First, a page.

When your device connects with a WiFi Access Point, they identify each other. The AP authenticates that the device knows the password and then they negotiate (handshake) cryptographic keys to encrypt further messages and protect them. PTK and GTK are two such crypto keys. The former is used for direct communication from the device to the AP (normal internet requests), while the later is for something called multicast, which I don’t know for sure but I guess it’s for intranet comunication (between peers in the same network.)
TKIP and CCMP are two different ways of negotiating crypto keys. TKIP (later named WPA) was designed as a contingency measure when WEP security was broken, and was later superseeded by CCMP (WPA2). It was deprecated in 2012, so it’s an obsolete prococol, which doesn’t sounds good at all.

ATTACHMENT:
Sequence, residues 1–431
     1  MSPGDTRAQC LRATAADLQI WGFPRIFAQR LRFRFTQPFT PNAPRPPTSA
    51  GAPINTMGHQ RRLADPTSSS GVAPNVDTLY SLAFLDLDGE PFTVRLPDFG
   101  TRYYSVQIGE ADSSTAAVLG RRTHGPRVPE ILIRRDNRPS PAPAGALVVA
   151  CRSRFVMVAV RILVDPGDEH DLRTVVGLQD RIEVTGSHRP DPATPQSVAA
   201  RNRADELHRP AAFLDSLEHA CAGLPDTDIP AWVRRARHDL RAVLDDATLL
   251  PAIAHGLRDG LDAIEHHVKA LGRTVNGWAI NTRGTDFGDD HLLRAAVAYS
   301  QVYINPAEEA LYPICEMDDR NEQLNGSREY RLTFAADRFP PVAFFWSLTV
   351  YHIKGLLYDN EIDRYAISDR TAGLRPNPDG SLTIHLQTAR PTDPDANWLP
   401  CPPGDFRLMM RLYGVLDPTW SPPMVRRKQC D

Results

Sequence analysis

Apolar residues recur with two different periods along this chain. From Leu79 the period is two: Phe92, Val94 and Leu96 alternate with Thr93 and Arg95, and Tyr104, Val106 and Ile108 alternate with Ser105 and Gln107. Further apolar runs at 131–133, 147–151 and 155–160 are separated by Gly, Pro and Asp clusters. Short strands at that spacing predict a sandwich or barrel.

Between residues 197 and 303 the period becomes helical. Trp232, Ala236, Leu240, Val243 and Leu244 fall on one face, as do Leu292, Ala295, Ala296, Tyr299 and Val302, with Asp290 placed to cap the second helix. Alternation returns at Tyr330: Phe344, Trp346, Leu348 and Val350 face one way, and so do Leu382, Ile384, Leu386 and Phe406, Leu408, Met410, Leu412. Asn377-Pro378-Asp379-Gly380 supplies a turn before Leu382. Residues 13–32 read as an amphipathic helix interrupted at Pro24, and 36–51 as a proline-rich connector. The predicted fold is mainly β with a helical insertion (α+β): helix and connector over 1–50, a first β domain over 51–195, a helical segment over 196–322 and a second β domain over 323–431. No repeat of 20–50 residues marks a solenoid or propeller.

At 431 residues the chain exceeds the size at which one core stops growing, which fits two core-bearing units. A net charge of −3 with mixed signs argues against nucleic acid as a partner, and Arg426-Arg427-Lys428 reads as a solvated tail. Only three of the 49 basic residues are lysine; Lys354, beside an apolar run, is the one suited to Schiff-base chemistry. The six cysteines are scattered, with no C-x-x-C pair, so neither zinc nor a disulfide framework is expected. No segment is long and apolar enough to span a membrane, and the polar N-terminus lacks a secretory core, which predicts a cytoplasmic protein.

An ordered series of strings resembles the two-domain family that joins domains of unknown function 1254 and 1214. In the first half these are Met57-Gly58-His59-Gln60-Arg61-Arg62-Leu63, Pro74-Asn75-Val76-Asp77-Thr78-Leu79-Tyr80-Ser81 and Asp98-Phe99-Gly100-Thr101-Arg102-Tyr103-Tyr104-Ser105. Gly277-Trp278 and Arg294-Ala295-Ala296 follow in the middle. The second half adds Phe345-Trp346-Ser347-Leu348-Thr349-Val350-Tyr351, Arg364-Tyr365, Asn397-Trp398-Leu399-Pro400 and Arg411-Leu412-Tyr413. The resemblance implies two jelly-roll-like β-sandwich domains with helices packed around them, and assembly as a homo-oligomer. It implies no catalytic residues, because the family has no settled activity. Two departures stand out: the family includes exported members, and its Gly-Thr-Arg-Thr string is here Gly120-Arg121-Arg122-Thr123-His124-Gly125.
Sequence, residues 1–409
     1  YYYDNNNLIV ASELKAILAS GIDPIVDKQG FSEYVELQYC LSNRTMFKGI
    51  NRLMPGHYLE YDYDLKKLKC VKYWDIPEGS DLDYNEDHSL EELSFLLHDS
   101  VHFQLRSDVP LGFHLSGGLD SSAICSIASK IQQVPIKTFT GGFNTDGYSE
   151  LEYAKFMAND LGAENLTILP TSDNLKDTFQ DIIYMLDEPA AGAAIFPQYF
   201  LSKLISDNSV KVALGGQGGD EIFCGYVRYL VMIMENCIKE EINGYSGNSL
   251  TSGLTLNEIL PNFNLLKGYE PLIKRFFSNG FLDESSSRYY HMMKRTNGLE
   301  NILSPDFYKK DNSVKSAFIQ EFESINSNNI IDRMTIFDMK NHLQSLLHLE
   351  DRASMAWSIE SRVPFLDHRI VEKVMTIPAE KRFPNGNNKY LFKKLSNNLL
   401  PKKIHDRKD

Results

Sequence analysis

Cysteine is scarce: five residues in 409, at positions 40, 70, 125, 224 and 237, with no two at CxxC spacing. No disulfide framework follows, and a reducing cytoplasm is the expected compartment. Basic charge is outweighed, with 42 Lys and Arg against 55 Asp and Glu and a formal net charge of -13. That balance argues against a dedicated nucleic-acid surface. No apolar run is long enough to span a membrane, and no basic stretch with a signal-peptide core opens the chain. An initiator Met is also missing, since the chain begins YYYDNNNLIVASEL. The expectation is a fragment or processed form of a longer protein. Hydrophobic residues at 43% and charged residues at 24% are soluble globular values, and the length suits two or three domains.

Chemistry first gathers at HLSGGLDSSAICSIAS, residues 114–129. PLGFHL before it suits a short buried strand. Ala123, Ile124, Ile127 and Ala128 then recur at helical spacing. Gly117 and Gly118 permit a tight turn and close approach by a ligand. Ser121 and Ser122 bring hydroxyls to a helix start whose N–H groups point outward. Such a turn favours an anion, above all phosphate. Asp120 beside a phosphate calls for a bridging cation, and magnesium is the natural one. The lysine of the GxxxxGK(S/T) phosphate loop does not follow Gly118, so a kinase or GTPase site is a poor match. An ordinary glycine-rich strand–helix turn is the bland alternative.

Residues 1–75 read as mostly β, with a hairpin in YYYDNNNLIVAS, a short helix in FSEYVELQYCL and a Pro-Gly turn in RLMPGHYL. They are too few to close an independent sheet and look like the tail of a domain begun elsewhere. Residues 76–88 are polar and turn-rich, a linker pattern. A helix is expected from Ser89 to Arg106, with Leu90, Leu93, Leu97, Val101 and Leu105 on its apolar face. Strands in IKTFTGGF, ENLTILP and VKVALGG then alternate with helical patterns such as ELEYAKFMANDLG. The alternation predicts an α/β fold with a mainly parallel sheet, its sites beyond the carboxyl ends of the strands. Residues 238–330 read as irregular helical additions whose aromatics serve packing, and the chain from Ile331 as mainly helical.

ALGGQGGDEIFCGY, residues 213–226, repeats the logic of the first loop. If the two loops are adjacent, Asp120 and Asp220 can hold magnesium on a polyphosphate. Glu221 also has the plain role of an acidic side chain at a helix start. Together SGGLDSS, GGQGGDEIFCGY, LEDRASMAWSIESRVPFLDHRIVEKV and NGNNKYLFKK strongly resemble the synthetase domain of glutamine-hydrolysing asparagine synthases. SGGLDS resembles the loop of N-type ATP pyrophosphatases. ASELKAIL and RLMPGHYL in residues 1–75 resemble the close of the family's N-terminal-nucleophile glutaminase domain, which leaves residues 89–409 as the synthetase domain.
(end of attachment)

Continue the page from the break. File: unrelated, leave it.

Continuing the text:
Home ISP routers are bad at security, specially wireless-wise. They are hardly updated, if ever. I have an OpenWRT wifi router linked by an ethernet cable to my ISP router with wireless disabled because it’s a mess.
[I already knew some little things about how WiFi worked (what the handshake was used for), but that was more specific knowledge. It was easy to find at the Wikipedia page you linked.]